BELLINGHAM, Wash. — Some 30 minutes northeast of Bellingham in a neighborhood cut out of dense forest, you'll find a group of disenrolled Nooksack Tribe members fighting with all they have to keep their namesake and their homes.
“That’s where we’re all going to have to stand up and we’re not moving. I don’t know what we have to do … it’s going to get ugly,” said Robert Rabang, a disenrolled member of the Nooksack Tribe.
In 2013, the Nooksack Tribal Council began the process of “disenrolling” more than 300 members of the tribe - a group that calls themselves the Nooksack 306.
This winter, 63 of the disenrolled members who remain on tribal-managed land are fighting eviction.
Tribal leadership says that a Canadian ancestor from the 19th century wasn't a legal Nooksack, therefore her relatives aren't eligible to enroll in the tribe or to qualify for tribal benefits.
Santana Rabang refers to herself as a disenrolled member of the Nooksack Tribe and was a teenager when this process started nearly a decade ago. Rabang has lost her tribal benefits and so have the elders.
“They’re using the fact that our ancestral name wasn’t listed on a colonial document from 1942. That’s the main excuse that they’re using that we’re not Indigenous,” Rabang said.
The Nooksack Indian Tribe has deep roots in the Pacific Northwest. They were recognized by the United States federal government in 1855 and today have a population of approximately 2,000 members.
Gabe Galanda is a Seattle-based Indigenous Rights Lawyer who's representing members of the Nooksack 306.
“The damage here is irreparable. I’m not convinced this tribe will ever be the same or will ever be a tribe again,” Galanda said.
“If the 306 don’t belong there is nobody who is Nooksack that belongs. That’s what the powers that be are flirting with,” he continued.
Galanda has long argued government overreach on behalf of the Nooksack Tribal Council and recently petitioned the United Nations Human Rights Council and the Biden administration to intervene.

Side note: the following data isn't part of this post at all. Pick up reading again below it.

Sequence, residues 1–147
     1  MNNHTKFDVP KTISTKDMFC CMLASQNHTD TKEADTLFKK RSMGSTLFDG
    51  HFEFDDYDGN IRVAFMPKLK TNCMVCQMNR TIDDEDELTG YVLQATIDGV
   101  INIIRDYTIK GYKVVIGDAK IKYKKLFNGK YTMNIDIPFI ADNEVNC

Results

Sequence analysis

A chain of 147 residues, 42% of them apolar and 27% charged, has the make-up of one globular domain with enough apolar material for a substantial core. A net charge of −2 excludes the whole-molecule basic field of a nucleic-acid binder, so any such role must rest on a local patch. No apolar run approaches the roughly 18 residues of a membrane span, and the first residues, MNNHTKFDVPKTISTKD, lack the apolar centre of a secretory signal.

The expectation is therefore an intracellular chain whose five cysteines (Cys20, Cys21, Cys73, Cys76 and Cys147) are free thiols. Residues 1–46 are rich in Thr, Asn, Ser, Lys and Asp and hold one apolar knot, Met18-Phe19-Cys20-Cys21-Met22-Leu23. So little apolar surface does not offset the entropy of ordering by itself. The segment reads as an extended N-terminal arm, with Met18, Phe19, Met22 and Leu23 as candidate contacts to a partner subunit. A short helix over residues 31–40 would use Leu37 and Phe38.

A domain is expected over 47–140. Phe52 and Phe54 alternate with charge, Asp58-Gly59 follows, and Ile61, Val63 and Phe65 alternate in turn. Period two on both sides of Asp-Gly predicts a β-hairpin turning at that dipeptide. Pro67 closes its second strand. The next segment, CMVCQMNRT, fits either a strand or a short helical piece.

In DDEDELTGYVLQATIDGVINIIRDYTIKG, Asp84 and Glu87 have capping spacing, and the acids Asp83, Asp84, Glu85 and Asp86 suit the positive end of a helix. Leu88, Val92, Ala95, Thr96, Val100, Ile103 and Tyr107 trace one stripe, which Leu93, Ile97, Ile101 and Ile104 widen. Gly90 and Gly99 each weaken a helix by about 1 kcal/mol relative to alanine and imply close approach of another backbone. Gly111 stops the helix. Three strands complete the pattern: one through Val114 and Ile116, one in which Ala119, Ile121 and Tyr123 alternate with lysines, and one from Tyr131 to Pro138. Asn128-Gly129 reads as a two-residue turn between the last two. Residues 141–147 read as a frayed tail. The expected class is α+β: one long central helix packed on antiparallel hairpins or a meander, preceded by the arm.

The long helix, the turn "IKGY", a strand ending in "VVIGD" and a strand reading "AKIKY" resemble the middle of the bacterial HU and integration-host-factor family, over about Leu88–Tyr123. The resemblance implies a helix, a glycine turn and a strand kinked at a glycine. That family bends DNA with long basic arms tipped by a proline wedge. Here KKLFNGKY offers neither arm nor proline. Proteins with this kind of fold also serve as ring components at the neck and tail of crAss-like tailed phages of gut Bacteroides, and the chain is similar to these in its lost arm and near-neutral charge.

Federal intervention in indigenous matters is rare in the United States given the notion of tribal sovereignty. The constitution grants federally recognized Indian tribes the right to regulate internal affairs.
On Thursday, a notice was prepared by three United Nations High Commissioners on Human Rights experts and, according to the UN, may be the first diplomatic action on record to address potential Indigenous human rights violations in the U.S.
In a formal statement, the commission urged the United States to “halt” what they call “imminent forced evictions” of dozens of former Nooksack indigenous tribe members housing in Whatcom county.
In a statement, the tribe called the UN’s investigation “riddled with falsehoods” and accused members of failing “to conduct even the most cursory investigation.”
According to the tribe, the UN did not contact them before issuing the statement and also says there are eight members facing eviction, contradicting the Nooksack 306 claim of 63 residents.
Last week, in an interview with KING 5 before the United Nations statement was released, Nooksack Tribal Chairman Ross Cline said he maintains the enrollment of the members was a “fraud” and goes on to say the members and their decedents were never and will never be Nooksack.
Tribal leadership said they consider this issue resolved internally and say they plan to move forward with evictions.